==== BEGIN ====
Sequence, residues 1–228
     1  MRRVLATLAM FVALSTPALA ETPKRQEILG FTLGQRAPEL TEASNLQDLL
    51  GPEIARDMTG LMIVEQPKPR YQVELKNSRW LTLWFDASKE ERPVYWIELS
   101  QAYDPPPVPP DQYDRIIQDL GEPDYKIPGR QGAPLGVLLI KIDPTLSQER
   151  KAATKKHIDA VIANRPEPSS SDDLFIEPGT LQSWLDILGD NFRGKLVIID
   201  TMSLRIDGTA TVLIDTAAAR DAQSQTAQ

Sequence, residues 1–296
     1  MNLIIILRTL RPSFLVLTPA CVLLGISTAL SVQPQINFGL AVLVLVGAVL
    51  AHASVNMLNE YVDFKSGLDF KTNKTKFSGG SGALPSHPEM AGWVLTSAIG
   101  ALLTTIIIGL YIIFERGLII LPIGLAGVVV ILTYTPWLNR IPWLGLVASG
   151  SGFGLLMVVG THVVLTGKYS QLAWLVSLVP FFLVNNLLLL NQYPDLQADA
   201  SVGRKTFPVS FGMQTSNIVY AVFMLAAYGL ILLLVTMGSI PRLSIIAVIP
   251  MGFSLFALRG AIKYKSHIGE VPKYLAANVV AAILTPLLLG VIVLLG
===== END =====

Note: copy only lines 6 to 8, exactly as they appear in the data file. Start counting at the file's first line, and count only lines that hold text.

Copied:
   201  TMSLRIDGTA TVLIDTAAAR DAQSQTAQ

Sequence, residues 1–296
     1  MNLIIILRTL RPSFLVLTPA CVLLGISTAL SVQPQINFGL AVLVLVGAVL